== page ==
Figures from Boardwatch UK show that the rate of women being appointed to the boards of UK companies has slowed dramatically.

Six FTSE 100 companies have all-male boards and 68 more board seats would need to be filled by women if Lord Davies’ target of 25% female representation is to be met.  This has reignited the debate about whether the UK Government should take a more forceful approach and introduce mandatory quotas.

Opinion remains divided on the issue.  France, Italy, Spain and Norway already have some form of quota system in place, with a notable increase in the number of female board members in France and Norway in particular.  EU Justice Commissioner, Viviane Reding, believes quotas are the only way to drive change, although last year she was forced to drop her controversial proposal for a 40% quota for women on the boards of publicly-traded companies in the EU.  Instead, she proposed a 40% ‘objective’ for female non-executive directors by 2020.  However, the slow progress across Europe (with notable exceptions for those countries with quotas) suggests that there is still a long way to go to redress the balance in the boardroom.

The Executive Board of the European Central Bank announced new gender targets last month, with the aim of doubling the numbers of women in senior and middle management position by 2019.  This comes after criticism over the lack of senior women at the ECB.  An ECB spokesman was keen to clarify that this is a target, not a quota, but this is a significant and public declaration of intent.

The UK Government has so far favoured a voluntary approach, encouraging businesses to increase the number of senior women through a ‘comply and explain’ approach.  In his influential report on Women on Boards in 2011, Lord Davies recommended that women should make up 25% of the boards of FTSE 100 companies by 2015.  Since March 2012, 44 % of newly appointed FTSE 100 board directors and 40% of new directors in FTSE 250 were women.

Further impetus came from changes made to the Corporate Governance Code, which took effect on 1 October 2012.  This requires all companies to explain their policy on boardroom diversity, report on how it is implemented, and consider diversity as a factor when evaluating the effectiveness of the board.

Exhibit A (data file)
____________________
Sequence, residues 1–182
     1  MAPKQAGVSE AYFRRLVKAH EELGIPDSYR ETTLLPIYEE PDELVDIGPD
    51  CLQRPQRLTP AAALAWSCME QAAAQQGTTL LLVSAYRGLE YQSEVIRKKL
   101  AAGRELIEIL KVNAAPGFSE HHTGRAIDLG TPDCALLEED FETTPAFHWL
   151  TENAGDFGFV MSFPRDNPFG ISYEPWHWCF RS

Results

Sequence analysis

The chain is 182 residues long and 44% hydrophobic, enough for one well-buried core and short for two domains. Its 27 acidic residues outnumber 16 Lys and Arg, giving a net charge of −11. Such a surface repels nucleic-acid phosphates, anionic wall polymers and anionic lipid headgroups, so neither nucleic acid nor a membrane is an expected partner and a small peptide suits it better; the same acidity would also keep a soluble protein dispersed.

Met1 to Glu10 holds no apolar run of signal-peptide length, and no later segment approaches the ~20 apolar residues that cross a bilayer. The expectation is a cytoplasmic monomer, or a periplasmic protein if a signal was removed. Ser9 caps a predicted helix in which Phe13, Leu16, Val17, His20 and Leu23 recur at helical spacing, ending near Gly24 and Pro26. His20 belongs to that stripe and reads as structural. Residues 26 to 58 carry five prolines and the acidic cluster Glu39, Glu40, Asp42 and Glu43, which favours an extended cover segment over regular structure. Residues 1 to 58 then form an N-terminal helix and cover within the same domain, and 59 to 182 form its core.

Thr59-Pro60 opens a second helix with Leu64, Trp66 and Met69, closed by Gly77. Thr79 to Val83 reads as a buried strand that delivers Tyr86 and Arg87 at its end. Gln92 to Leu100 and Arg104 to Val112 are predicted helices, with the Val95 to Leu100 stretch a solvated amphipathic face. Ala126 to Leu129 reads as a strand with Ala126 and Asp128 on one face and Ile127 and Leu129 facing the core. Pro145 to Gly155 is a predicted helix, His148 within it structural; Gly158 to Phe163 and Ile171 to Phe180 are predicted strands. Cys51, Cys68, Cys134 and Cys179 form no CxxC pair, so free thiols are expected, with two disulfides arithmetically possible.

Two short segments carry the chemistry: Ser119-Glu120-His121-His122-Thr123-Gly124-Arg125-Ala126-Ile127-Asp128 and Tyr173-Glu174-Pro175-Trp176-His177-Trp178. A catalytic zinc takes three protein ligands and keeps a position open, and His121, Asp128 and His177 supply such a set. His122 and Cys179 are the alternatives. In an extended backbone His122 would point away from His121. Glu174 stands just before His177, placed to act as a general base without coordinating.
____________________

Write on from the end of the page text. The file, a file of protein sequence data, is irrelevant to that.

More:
The Government hasn’t ruled out introducing mandatory quotas if satisfactory progress isn’t made.  Lord Davies has stated that, if the 25% target isn’t achieved, he may push for mandatory quotas.  Vince Cable has also said that, whilst the Government believes the voluntary approach is the “best way forward”, if the 25% target isn’t met, a mandatory quota is “a real possibility”.

Mark Carney, Governor of the Bank of England, recently commented that the lack of women on the Bank’s monetary policy committee was “anomalous and striking” and financial institutions in the UK may well follow the ECB’s example, if they haven’t done so already.  Indeed, they may be forced to as a result of regulations introduced as part of the Capital Requirements Directive IV.  These include a requirement that the larger regulated institutions set a target for greater gender diversity in management and that they introduce a policy to combat under-representation.  Member States need to apply the relevant provisions by January 2014.

It seems to be widely accepted that boards should be more diverse, including by having more female directors.  The debate is whether this should be done through voluntary means, with targets and objectives but no real sanction for failing to meet those, or whether the only way to bring about the rate and scale of change needed is through the use of mandatory quotas.

Mandatory quotas for the UK would mark a significant shift in approach.  Traditionally, under-representation has been tackled through negative reinforcement across the EU and in the UK.  Equal opportunities legislation focuses on preventing less favourable treatment by imposing sanctions for unwanted behaviour, rather than encouraging more favourable treatment.  There is some scope for positive action under English law (and the relevant EU Directive), which would allow an employer to take steps to promote more women in the workplace, including onto boards and into executive positions.  However, the provisions are not straightforward, are voluntary and, in practice, have had limited use so far.  If employers get it wrong, they could face discrimination claims from unsuccessful male applicants, which may help explain why most have chosen not to make use of the provisions.

Although the UK Government continues to be a strong advocate of the voluntary approach, if the progress of women on UK boards slows or stagnates, quotas may well be introduced.  The UK Government may well be hoping that the threat of quotas will be enough to spur UK companies to follow the ECB’s example and focus their recruitment efforts on appointing more women to their boards, in order to hit the 25% target by 2015.